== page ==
The Dark Side of the Prestigious Marine Barracks
Posted on May 8, 2012
According to Marine Corps lore, semper fidelis, a Latin phrase for “always faithful,” commands Marines to remain a “brotherhood, faithful to the mission at hand, to each other, to the Corps and to country, no matter what. Becoming a Marine is a transformation that cannot be undone and once made, a Marine will forever live by the ethics and values of the Corps.”
The Marine Barracks in Washington, D.C., is the official residence of the commandant of the Marine Corps. It is the home of the Marines who are the ceremonial guard for the president during official U.S. government functions and the security force for the White House and Camp David. The Marine Band, also located at the Barracks, is known as “The President’s Own.” The Barracks is the showplace of the Marine Corps with its Silent Drill Platoon giving weekly military precision performances for the public during the busy summer tourist season.
But the Marine Barracks has its dark and ugly side. It is also the home of officers and enlisted men of the Marine Corps who have been accused of sexually harassing, assaulting and raping female Marine officers and enlisted and civilian women who work there.
According to information provided by the Marine Barracks Washington legal adviser at the request of the Senate Armed Services Committee minority counsel, from 2009 to 2010 three female Marines and two civilian women reported to the Naval Criminal Investigative Service (NCIS) that they had been raped by male Marines. Two of the female Marines held high-visibility jobs at the Barracks and said they were raped by senior officers.
During the same period, two other female Marines and two other civilian women reported that they had been sexually harassed by Marines at the Barracks.
Square, Site wide
On March 6, 2012, attorney Susan Burke filed a federal lawsuit in U.S. District Court in Washington, D.C., on behalf of eight military women—four Marines and four Navy members—who said they were raped while in the service. Two of the four female Marine officers served at the Barracks and alleged that they had been raped by Marines assigned there. The two, Lt. Ariana Klay and Lt. Elle Helmer, spoke at a news conference announcing the lawsuit and on national TV shows afterward.
This is the second lawsuit filed in a little over a year against the Department of Defense on the issue of rape in the military. The first lawsuit was filed on Feb. 15, 2011, and was brought by 15 female and two male active-duty military personnel and veterans. They accused the DOD of permitting a military culture that fails to prevent rape and sexual assault and alleged that it mishandled cases that were brought to its attention, thus violating the plaintiffs’ constitutional rights.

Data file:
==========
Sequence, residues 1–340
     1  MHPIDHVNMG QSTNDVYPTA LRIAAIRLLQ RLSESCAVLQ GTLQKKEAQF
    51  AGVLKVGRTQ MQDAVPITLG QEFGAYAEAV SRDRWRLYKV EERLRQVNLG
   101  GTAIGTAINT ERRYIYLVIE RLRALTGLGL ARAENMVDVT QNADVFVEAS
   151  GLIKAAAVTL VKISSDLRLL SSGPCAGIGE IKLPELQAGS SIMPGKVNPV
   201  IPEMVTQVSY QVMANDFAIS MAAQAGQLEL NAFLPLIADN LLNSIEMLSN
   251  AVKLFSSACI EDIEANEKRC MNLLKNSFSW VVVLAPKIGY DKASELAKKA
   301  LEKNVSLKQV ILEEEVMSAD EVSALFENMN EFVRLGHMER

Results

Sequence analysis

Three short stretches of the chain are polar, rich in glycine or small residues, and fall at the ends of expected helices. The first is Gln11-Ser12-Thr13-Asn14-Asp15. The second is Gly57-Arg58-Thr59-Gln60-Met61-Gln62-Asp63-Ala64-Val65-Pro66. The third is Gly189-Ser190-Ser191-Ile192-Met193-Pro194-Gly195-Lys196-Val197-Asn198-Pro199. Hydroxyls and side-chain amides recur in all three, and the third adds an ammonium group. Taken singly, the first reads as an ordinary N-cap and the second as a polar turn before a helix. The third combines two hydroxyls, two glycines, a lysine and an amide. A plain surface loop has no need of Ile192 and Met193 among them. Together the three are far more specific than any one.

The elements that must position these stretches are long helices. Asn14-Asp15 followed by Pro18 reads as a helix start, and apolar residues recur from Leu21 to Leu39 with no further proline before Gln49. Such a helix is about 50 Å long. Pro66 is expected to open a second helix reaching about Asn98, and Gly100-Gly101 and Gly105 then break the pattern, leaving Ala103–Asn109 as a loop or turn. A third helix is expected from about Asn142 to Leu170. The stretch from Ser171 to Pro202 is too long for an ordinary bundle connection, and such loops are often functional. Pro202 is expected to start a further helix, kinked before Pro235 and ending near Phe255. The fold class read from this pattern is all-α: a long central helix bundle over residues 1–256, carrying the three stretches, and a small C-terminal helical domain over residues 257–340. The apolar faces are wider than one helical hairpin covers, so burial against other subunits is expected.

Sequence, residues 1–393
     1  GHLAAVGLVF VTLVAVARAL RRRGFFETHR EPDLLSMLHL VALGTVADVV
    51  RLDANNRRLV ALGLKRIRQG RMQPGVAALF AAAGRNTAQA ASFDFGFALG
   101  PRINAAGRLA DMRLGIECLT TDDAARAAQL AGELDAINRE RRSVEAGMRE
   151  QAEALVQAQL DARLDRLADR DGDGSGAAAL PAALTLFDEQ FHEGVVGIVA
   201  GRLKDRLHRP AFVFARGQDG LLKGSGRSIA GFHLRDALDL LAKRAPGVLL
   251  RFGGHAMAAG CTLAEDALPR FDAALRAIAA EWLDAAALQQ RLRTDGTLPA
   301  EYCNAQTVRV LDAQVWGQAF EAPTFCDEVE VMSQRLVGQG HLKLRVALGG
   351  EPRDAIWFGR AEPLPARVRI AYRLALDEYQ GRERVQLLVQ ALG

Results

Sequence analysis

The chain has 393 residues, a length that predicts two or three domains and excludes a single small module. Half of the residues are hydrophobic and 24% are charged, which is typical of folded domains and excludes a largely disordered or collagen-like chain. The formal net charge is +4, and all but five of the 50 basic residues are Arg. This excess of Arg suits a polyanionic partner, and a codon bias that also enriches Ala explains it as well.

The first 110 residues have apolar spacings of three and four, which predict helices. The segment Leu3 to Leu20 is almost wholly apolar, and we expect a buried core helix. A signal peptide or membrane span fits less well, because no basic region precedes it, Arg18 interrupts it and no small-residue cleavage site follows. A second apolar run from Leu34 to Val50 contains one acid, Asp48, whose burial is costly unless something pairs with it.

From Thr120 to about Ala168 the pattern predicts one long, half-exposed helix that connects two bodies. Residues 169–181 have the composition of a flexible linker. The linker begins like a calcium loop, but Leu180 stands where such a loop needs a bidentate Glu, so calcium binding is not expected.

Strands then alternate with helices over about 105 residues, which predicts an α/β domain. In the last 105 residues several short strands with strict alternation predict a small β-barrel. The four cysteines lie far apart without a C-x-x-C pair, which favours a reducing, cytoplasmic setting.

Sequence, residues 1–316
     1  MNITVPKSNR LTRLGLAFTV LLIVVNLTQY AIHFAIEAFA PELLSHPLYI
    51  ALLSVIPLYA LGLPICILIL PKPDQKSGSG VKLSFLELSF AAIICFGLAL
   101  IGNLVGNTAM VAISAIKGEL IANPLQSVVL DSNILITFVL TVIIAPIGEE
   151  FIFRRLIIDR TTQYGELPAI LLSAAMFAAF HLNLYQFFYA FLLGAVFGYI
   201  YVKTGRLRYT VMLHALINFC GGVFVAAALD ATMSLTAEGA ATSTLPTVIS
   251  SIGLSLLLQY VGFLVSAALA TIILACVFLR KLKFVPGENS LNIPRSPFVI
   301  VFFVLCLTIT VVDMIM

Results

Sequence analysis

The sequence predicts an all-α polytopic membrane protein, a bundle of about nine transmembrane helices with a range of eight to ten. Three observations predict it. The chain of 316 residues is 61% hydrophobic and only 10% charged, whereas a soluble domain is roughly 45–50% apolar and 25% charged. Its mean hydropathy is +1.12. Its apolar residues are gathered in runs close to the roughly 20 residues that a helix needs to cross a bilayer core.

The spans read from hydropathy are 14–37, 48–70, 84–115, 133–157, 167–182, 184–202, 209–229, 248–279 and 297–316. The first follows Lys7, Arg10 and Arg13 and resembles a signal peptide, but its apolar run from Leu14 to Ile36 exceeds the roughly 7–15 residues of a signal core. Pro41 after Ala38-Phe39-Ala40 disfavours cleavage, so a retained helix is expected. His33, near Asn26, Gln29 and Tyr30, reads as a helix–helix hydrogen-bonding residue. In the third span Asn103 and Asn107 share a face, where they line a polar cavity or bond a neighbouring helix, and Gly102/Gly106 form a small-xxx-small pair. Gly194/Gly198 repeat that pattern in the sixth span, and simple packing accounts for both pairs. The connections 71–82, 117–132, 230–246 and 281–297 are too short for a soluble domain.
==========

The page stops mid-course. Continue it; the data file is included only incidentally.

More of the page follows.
On Dec. 9, 2011, U.S. District Judge Liam O’Grady dismissed the suit, saying the sexual assault allegations were “troubling” but that Supreme Court and other court decisions had advised against judicial involvement in cases of military discipline. O’Grady cited Gilligan v. Morgan, decided in 1973 by the U.S. Supreme Court, which determined that “matters of military discipline should be left to the ‘political branches directly responsible—as the judicial branch is not—to the electoral process.’ ” O’Grady said, “Not even the egregious allegations within the plaintiffs’ complaint will prevent dismissal.”
The March 2012 lawsuit names current and former secretaries of defense and military chiefs of the Navy and Marine Corps as defendants. It alleges that “Although defendants testified before Congress and elsewhere that they have ‘zero tolerance’ for rape and sexual assault, their conduct and the facts demonstrate the opposite: They have a high tolerance for sexual predators in their ranks, and ‘zero tolerance’ for those who report rape, sexual assault and harassment.” The lawsuit alleges that “Defendants have a long-standing pattern of ignoring congressional mandates designed to ameliorate the armed services’ dismal record of rape and sexual assault. As but one example, defendant [Leon] Panetta [secretary of defense] continues to violate the law requiring the Department of Defense to establish an incident-specific Sexual Assault Database no later than January 2010.” More than two years later, the database still does not exist.
“Rather than being respected and appreciated for reporting crimes and unprofessional conduct,” the lawsuit alleges, “plaintiffs and others who report are branded ‘troublemakers,’ endure egregious and blatant retaliation, and are often forced out of military service.”
Lt. Ariana Klay
According to the lawsuit, Klay, a Naval Academy graduate, served as a protocol officer for the Marine Barracks. She alleges that while there, she was sexually harassed by a lieutenant colonel, a major and a captain. She said she was gang-raped by a Marine officer and his civilian friend, a former Marine. Klay alleges that the Marine officer threatened to kill her and told his friend he would show him “what a slut she was” and “humiliate” her.
After she reported the alleged rapes and subsequent harassment, the Marine Corps investigation ruled that she welcomed the harassment because “she wore makeup, regulation-length skirts as a part of her uniform and exercised in running shorts and tank tops.”
The Marine Corps did not punish any of those who were accused of sexually harassing Klay. One of her alleged harassers was granted a waiver by the Corps that permitted him to get a security clearance despite accusations of hazing and sexual misconduct against not only Klay but many others. He was selected to be in a nationally televised recruitment commercial while he was still under investigation. According to the lawsuit, the Marine Corps featured Klay’s alleged rapist and a harasser in the Marine calendar.
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